More than 20 years into Sgt. Clarke Paris' career at the Metropolitan Police Department, he made a terrifying realization.
He was depressed.
Two decades of bad memories -- which Paris calls "cop stew" -- boiled in his brain: Dead babies, teen suicides, fights, car crashes, rape victims, police shootings, murders.
Paris tried to ignore the symptoms of post-traumatic stress disorder. He had never killed anyone. His partner never died in his arms. He had no right to feel this way, he thought.
As the stress worsened, Paris decided he had to tell his wife, Tracie. He picked a day when his kids were out of the house and she lounged in the pool.
He couldn't control the sobs as he spoke, but it felt good, like a weight had been lifted from his shoulders. Then Tracie replied.
"There was no sympathy as she responded in a tone of sheer disgust and said, 'Are you kidding me?' " Paris wrote in, "My Life For Your Life," his book on police depression and suicide.
THE DAY IN THE POOL
A reader might expect the next chapter to begin, "And after the divorce..." But the couple remain married, and their relationship is stronger than ever.
Since that day in August 2007, the couple have given police suicide prevention seminars across the country.
"The Day in the Pool" story, as it's described in the book, is a big part of the lecture.
"The story takes an hour, and that was the turning point for the seminar. People started saying, 'I thought you were telling my story up there,' " Paris said.
After Paris finishes his pool story, it's Tracie's turn to tell her version of events.
"I did not know what to think as my husband was breaking down right in front of me. I was truly frightened," Tracie wrote in the book, a written version of their "The Pain Behind the Badge" seminars.
After realizing her husband didn't have cancer, Tracie was furious. She was a trauma nurse, and the couple always talked to each other about their jobs.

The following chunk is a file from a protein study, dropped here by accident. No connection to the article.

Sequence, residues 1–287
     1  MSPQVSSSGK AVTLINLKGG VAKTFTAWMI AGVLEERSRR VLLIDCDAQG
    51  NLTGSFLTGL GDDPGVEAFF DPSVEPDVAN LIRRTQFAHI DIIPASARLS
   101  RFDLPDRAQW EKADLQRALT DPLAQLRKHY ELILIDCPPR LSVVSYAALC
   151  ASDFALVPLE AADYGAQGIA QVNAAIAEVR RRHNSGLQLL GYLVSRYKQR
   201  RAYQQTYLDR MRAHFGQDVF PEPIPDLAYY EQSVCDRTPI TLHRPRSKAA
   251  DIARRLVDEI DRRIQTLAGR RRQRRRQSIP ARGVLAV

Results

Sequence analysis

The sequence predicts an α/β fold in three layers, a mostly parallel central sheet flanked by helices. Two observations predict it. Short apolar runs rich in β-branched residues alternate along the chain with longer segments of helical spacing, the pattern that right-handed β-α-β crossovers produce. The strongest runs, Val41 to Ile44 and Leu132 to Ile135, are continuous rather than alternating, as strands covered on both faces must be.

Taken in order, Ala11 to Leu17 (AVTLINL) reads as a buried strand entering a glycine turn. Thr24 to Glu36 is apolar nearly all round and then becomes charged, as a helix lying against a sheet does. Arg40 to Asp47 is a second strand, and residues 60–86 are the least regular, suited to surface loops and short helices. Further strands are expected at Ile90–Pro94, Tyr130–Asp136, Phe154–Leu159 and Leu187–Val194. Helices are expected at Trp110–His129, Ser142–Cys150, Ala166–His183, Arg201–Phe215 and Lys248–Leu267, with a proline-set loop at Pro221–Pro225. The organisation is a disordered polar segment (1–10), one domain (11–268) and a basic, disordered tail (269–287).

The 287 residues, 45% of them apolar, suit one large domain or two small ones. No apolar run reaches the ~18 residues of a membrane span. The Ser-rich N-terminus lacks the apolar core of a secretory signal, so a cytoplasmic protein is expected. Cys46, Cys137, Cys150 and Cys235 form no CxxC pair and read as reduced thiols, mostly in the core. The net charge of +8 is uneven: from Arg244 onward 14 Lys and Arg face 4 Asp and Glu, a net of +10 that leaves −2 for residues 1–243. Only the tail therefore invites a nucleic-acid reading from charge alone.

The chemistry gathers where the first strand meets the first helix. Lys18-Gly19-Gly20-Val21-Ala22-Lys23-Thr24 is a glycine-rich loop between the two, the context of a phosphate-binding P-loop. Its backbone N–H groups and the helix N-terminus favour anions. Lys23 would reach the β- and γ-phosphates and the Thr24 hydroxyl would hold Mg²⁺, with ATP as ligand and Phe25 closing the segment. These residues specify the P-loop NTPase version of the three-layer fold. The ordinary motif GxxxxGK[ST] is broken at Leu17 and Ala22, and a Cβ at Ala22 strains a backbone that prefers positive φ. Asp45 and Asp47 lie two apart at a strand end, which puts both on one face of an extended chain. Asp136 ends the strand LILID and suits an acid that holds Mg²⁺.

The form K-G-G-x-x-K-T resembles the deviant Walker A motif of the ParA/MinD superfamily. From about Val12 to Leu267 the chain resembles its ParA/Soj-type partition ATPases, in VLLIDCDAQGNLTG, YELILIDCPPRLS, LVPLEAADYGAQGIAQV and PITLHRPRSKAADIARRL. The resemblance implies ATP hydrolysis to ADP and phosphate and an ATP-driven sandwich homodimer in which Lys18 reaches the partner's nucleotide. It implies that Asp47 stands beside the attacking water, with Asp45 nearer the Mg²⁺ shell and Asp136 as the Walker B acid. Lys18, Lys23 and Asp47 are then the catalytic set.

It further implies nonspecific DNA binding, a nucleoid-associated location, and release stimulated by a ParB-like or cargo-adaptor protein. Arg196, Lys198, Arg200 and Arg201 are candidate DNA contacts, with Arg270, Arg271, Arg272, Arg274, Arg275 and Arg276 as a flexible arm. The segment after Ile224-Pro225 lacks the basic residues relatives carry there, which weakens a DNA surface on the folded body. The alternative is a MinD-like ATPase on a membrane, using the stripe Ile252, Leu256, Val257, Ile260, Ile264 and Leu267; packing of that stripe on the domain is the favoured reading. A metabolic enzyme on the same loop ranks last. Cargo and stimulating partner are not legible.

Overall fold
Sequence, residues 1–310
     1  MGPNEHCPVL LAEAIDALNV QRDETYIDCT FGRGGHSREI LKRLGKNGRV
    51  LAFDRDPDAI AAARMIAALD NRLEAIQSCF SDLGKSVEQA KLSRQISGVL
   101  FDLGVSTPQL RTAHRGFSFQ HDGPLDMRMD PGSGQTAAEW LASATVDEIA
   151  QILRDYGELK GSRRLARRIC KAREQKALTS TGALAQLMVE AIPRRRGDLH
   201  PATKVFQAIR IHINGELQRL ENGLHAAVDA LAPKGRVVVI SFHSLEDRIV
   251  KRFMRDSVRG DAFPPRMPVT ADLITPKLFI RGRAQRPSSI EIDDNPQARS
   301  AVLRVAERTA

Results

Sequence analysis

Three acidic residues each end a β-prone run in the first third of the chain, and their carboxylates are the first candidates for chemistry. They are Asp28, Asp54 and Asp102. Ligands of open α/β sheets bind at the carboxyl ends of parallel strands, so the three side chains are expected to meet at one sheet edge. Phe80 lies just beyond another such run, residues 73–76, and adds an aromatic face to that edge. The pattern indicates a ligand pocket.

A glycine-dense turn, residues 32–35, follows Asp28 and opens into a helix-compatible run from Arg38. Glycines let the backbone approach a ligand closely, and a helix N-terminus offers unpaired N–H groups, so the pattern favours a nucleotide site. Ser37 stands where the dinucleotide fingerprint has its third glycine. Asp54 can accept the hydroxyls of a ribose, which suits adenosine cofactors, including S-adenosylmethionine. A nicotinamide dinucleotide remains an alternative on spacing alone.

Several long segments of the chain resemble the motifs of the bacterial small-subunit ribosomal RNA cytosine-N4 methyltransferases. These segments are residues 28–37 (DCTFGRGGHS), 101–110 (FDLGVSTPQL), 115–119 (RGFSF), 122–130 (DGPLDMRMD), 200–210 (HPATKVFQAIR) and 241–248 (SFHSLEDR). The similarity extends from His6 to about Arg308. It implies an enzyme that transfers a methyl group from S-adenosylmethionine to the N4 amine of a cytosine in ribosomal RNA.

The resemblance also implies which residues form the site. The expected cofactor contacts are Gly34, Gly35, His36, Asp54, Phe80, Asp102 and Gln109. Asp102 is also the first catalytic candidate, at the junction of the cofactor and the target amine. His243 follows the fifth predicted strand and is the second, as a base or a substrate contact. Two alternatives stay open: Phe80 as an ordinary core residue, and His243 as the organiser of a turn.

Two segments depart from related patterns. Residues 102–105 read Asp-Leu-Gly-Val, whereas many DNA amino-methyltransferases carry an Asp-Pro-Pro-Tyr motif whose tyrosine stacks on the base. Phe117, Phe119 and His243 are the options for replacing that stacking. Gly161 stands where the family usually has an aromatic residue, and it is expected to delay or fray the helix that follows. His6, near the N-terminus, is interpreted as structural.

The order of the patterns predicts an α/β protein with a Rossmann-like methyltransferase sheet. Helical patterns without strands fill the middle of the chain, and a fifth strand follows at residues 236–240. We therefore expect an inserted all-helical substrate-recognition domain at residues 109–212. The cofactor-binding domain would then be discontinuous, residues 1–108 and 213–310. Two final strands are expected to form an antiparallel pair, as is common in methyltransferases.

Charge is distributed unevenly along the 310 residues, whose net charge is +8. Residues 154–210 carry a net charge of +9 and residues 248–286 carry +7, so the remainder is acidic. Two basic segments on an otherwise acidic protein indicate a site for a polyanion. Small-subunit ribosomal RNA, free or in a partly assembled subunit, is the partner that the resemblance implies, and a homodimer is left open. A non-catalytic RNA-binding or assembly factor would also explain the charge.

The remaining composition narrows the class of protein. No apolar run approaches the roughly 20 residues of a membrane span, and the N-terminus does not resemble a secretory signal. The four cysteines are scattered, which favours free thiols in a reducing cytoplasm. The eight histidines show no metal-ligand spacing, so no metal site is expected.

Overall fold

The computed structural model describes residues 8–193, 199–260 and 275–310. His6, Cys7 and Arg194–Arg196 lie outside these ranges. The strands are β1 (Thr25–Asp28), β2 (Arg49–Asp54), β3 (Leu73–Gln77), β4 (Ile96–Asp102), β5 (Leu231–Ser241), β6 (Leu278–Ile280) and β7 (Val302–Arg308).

"What had he been hiding? Why didn't he ever reveal to me he was struggling? Were we going to lose our house? What about all of our children who still need to go to college?" Tracie wrote.
She later came to realize later that, "if you are not a police officer, you will not understand the job of a police officer."
A NATIONAL PROBLEM
Robert E. Douglas Jr., founder and executive director of the National Police Suicide Foundation, cites an FBI agent's research that contends an officer commits suicide every 17 to 21 hours. The ratio of police suicides to line-of-duty deaths could be as high as 3-to-1, Douglas said.
Only 3 to 5 percent of the 18,000 agencies offer suicide awareness training to their personnel, about 775,000 officers nationwide, he said.
Douglas blames a cultural bias about suicide among police and even the general population.
"It's something you don't talk about, or you just deal with," he said. "This brings about a real challenge because if you have issues within a family or organization that you don't address, it doesn't get better. It gets worse."
Paris said the Police Department's awareness training is top-notch, and their Police Employee Assistance Program is first-rate. In the past five years, the Police Department has seen one suicide -- a corrections officer in 2007, according to a police spokesman.
The agency spends millions on mental health, Paris said.
"But the cops have to accept it. That's the key," he said.